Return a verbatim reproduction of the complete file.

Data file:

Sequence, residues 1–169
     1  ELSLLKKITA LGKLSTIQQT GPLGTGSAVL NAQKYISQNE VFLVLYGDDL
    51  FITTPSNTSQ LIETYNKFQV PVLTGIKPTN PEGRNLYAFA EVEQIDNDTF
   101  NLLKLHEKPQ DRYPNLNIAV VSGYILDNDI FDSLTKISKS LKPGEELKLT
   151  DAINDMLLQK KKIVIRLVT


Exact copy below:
Sequence, residues 1–169
     1  ELSLLKKITA LGKLSTIQQT GPLGTGSAVL NAQKYISQNE VFLVLYGDDL
    51  FITTPSNTSQ LIETYNKFQV PVLTGIKPTN PEGRNLYAFA EVEQIDNDTF
   101  NLLKLHEKPQ DRYPNLNIAV VSGYILDNDI FDSLTKISKS LKPGEELKLT
   151  DAINDMLLQK KKIVIRLVT